Business Travel and Immigration Post-Brexit
Ensure your business and workforce are compliant with the new immigration regulations.
White Paper | Brexit and the UK’s New Immigration System
August 18, 2020
by: Tony Butterworth, Managing Director, Newland Chase UK, and Iman Kara-Ali, Immigration Consultant, Newland Chase UK
The UK government has released a detailed statement on what to expect from the new points-based immigration system, due to take effect from 1 January 2021.
1 January 2021 marks the end of free EU movement rights. This means both EU and non-EU nationals will be covered by the same immigration rules and requirements when entering the UK. These changes are some of the most significant amendments to UK immigration law in decades, and will transform how foreign nationals migrate to the UK. Economic migration in the UK is changing – and as a result, businesses may need to adjust their operational requirements, recruitment policies, and how best to support their current and prospective employees.
EU Nationals – What Next?
EU nationals are able to live, work, visit, and study in the UK until 31 December 2020. They will continue to enjoy free movement rights during the current transition period, and will not require immigration permissions until 1 January 2021. Some key points to bear in mind:
- Free movement rights will officially end at 23:00 on 31 December 2020.
- EU nationals living in the UK before 31 December 2020, who intend to remain in the UK, must apply for pre-settled or settled status under the EU Settlement Scheme.
- The deadline to apply under the scheme is 30 June 2021.
- EU nationals travelling to the UK after 31 December 2020 will need to obtain a visa inadvance for allactivities except short-term visitor visits (i.e. for business or tourism).
- EU nationals will need to present a valid passport with at least six months’ validity when entering the UK, and will not be able to rely on their national ID cards.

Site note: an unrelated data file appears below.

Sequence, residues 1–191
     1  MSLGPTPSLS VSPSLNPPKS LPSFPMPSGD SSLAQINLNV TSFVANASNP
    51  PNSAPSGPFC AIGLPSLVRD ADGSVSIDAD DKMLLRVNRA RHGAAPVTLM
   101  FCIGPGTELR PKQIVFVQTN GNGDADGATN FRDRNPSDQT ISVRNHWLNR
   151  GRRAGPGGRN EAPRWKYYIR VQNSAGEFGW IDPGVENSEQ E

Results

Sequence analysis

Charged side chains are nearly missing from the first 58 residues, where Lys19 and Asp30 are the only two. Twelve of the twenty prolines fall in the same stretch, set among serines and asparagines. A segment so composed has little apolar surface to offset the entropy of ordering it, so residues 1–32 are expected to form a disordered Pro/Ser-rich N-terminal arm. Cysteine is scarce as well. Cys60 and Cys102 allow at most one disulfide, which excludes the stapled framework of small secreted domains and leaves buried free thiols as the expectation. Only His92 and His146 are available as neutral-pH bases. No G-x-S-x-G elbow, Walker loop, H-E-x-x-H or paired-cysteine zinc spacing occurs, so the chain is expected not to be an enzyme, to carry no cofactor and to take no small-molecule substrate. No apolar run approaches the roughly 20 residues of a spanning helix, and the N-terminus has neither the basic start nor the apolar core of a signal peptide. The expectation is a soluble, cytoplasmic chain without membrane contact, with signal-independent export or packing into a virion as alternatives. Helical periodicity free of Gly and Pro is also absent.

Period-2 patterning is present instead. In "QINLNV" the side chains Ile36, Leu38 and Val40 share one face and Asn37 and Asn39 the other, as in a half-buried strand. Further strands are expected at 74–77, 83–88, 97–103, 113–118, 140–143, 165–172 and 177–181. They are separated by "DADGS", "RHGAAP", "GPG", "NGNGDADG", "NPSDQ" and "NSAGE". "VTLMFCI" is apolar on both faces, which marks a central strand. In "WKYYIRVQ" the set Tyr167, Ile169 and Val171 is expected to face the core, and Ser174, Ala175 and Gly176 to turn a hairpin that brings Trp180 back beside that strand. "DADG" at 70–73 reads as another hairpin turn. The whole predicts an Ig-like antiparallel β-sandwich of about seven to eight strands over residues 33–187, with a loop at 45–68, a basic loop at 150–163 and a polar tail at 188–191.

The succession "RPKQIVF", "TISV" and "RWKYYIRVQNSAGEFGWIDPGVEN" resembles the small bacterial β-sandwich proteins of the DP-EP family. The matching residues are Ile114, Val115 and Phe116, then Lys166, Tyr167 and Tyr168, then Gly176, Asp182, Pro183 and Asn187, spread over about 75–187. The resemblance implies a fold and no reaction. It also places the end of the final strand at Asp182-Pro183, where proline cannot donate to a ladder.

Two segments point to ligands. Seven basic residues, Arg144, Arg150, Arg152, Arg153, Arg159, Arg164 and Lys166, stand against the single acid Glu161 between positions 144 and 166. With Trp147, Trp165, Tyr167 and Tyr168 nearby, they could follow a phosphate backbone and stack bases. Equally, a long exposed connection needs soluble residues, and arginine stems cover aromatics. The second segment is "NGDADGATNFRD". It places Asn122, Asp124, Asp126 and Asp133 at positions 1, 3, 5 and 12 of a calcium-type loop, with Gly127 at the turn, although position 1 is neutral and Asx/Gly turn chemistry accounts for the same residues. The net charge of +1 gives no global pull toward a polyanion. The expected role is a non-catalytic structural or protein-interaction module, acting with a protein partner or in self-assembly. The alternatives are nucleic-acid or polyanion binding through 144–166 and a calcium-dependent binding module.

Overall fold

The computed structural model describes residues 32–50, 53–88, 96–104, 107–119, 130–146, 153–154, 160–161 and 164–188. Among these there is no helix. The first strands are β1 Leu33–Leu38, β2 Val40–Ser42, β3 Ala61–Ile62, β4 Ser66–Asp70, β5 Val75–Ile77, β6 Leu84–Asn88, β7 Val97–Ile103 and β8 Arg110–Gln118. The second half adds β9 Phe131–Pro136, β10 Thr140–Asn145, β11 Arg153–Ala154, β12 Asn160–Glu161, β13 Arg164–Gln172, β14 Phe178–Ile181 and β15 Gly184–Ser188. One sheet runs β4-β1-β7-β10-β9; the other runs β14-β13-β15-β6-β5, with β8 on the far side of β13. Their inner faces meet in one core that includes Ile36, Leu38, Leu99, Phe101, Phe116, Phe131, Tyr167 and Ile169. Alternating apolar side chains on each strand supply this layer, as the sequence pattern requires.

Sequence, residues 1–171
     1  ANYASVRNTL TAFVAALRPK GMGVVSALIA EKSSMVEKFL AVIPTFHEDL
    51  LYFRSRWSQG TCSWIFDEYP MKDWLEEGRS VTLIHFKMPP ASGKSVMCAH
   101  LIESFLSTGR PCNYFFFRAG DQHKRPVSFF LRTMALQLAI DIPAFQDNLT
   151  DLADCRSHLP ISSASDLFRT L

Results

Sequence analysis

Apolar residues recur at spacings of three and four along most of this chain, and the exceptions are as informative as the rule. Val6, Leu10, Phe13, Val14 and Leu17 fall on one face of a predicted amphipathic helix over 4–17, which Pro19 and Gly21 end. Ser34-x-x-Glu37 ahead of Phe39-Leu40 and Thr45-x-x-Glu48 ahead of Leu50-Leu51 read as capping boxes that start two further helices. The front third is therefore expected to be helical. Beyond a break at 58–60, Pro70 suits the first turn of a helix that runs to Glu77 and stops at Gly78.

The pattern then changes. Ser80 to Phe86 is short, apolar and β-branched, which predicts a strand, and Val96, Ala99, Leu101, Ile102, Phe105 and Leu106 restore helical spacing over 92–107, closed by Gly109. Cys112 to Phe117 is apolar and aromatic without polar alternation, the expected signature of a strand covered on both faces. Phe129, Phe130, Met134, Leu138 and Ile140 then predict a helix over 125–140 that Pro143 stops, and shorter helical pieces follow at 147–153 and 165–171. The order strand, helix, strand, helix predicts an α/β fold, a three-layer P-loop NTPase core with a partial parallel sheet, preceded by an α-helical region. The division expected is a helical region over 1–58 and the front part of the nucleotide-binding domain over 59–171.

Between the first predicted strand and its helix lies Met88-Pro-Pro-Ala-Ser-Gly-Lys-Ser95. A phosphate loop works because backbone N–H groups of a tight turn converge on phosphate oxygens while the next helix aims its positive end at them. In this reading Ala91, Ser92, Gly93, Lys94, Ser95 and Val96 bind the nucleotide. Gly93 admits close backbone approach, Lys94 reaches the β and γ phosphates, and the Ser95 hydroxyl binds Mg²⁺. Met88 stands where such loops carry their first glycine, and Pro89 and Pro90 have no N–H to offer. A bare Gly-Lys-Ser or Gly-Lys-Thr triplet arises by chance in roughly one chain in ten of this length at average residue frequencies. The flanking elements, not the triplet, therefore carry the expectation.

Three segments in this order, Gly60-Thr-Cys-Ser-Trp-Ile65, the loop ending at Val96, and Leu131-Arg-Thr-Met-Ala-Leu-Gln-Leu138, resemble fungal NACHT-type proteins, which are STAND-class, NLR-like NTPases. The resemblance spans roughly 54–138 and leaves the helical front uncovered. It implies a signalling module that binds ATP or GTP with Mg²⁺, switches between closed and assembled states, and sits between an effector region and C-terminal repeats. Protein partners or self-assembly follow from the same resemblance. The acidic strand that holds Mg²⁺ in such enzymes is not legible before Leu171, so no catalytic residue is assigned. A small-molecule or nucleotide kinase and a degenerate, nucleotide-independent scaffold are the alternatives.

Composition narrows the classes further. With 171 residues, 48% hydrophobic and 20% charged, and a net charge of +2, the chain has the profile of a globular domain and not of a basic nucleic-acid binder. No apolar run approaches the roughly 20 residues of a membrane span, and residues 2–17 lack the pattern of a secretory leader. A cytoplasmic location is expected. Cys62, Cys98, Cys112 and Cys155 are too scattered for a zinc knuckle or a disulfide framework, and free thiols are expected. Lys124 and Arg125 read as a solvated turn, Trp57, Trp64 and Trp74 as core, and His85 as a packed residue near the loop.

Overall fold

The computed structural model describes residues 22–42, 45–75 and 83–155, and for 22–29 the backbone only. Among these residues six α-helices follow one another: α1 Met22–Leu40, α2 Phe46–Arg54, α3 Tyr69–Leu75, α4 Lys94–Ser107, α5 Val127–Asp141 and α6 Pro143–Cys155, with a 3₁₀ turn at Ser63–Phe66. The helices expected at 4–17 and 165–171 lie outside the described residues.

Further details on Brexit, the EU Settlement Scheme, and a Guide for Businesses can be accessed here.
Working in the UK under the New Immigration System
The UK’s new immigration system will substitute the infamous tier classifications with a number of specific and updated migration routes.
For those with a UK job offer, applying for an employment visa should be less time-consuming and more straightforward. This rationale is expected to coincide with the much-awaited simplification of the UK’s Immigration Rules.
In a nutshell, the Skilled Worker route replaces the Tier 2 (General) category. It removes the Resident Labour Market Test and suspends the monthly cap limit on the number of eligible applicants. The English Language requirement will continue to be applicable. In order to qualify under this route, the applicant must obtain a total of 70 points.
A mandatory 50 points will come from having a job offer at a certain skill level from a licenced sponsor, with the applicant being able to evidence their English Language ability.
An additional 20 points can be scored through a ‘mix and match’ process, largely dependent on the salary rate offered, whether the position is considered a shortage occupation, and if there are any necessary academic requirements.
Highly Skilled Workers
This route will not open in January 2021 as recommendations are being made by the Migration Advisory Committee. Once open, this route expects to permit the entry of a capped number of highly skilled workers without an explicit job offer.
Intra-Company Transfer Route
The Intra-Company Transfer route will remain the same as the current Tier 2 (ICT) category. In order to be eligible, the applicant must have been employed for at least 12 months (or three months if a graduate intra-company trainee) at the overseas sending company before being transferred to the UK business on a temporary basis.